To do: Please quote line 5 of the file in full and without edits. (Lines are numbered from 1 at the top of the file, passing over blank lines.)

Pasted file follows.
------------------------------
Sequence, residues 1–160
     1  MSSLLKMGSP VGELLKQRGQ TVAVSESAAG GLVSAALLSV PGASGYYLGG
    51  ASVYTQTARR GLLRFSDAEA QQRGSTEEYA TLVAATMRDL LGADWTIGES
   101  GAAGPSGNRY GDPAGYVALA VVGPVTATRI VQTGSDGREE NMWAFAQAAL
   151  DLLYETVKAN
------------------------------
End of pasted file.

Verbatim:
   151  DLLYETVKAN